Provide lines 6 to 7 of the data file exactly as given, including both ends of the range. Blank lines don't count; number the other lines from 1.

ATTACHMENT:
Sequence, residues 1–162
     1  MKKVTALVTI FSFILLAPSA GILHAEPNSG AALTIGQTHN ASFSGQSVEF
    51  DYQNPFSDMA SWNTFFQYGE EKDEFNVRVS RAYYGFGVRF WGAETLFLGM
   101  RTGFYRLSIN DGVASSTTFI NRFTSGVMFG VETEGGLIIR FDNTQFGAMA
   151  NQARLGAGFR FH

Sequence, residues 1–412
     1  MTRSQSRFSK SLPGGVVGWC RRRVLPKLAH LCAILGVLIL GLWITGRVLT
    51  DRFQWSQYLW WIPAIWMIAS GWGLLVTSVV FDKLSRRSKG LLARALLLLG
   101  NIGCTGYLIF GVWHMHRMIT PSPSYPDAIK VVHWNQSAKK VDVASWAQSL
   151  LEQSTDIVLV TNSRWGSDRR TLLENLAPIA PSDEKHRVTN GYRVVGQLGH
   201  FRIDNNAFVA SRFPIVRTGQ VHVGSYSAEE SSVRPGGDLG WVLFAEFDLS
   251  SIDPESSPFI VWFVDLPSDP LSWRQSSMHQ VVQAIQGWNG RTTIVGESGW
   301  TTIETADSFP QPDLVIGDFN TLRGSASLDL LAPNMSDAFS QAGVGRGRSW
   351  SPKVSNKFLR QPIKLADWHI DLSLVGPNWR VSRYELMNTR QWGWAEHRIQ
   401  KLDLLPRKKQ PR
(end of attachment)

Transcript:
Sequence, residues 1–412
     1  MTRSQSRFSK SLPGGVVGWC RRRVLPKLAH LCAILGVLIL GLWITGRVLT